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On the brain mechanisms of visual attention, saccadic eye-movements, and hearing

November 16, 2017 @ 5:00 am - 6:00 am

How do humans and rhesus macaques actively view visual scenes ? How are different views stitched together across saccadic eye-movements, and what are some of the cerebral cortical mechanisms that underlie this behavior ? I will describe some of our recent findings in this area based on behavioral measurements in humans, computational modeling and single-neuron recordings from the cerebral cortex in awake, behaving rhesus macaques. We have recently provided the first empirical evidence for the role of inhibitory mechanisms in the selection of targets for visual attention and saccadic eye-movements. We have also shown that visual attention shifts are rapid and well-synchronized with saccades. The locations, but not the features of attended stimuli are remapped across saccades, so that these attended stimuli can be tracked and processed rapidly after each saccade. We find evidence for the presence of fast sequences of eye-movements during naturalistic active vision: these saccade sequences are driven by visual information that is rapidly and accurately transferred across saccades. In addition to effects on neuronal firing-rate, the variability of firing and the temporal patterns of firing are also affected by visual attention. Our work has been used by modelers (in collaboration with us) to identify novel principles of neural circuit organization. If time permits, I will also briefly cover some of my work in hearing: specifically, the transformation of sound envelopes in the auditory midbrain, and the initial encoding of sound in the auditory nerve.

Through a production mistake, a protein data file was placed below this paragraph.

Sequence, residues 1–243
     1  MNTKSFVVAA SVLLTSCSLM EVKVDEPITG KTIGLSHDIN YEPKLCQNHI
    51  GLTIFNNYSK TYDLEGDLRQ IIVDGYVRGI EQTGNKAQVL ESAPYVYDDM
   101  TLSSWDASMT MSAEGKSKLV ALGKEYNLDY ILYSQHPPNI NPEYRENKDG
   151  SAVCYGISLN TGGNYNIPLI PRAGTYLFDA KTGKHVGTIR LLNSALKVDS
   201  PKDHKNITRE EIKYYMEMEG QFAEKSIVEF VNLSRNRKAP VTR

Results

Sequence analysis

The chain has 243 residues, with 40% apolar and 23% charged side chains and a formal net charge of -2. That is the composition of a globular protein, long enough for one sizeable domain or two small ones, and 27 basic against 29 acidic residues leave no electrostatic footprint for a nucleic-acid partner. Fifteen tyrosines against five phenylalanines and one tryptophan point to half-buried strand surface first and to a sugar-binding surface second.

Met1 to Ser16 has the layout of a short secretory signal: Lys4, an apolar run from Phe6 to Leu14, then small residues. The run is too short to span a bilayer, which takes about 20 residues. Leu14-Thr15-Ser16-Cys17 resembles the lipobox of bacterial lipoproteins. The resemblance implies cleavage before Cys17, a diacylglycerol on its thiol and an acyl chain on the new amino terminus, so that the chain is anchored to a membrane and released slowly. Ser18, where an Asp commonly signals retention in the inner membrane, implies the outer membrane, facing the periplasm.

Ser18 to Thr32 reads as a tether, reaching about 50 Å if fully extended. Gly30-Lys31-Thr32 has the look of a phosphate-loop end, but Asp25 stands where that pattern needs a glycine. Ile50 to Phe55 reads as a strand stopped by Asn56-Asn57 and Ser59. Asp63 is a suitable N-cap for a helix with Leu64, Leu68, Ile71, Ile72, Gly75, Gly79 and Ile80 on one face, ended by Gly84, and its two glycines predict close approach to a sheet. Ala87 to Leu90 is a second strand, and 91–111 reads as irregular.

November 16, 2017
5:00 am - 6:00 am
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